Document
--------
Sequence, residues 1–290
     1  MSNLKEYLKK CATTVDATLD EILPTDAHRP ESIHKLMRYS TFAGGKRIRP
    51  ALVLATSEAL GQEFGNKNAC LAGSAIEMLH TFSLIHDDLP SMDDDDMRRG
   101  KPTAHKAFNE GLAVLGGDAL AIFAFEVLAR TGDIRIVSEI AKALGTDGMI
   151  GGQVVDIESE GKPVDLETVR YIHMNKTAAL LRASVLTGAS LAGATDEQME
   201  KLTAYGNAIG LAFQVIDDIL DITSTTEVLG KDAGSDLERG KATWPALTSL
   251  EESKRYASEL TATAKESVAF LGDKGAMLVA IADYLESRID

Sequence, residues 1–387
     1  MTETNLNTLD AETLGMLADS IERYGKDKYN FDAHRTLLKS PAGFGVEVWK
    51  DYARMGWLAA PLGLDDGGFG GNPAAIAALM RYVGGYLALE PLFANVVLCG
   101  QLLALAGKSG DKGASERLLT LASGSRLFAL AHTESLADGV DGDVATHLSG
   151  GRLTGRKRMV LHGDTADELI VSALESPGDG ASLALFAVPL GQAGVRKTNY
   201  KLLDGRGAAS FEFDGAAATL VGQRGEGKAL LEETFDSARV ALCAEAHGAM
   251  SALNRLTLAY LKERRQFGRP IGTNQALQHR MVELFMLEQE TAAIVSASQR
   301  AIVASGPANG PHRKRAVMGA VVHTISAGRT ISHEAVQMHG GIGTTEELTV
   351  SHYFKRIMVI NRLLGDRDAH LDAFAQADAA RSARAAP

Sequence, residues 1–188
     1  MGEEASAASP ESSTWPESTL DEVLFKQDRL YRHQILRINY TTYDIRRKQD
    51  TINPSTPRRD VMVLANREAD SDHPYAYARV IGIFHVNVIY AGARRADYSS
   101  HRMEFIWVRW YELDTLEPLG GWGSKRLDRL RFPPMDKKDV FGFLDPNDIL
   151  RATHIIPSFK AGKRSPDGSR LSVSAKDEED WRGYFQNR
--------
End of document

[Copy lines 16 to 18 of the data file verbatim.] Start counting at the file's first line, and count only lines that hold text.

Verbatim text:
   351  SHYFKRIMVI NRLLGDRDAH LDAFAQADAA RSARAAP

Sequence, residues 1–188
     1  MGEEASAASP ESSTWPESTL DEVLFKQDRL YRHQILRINY TTYDIRRKQD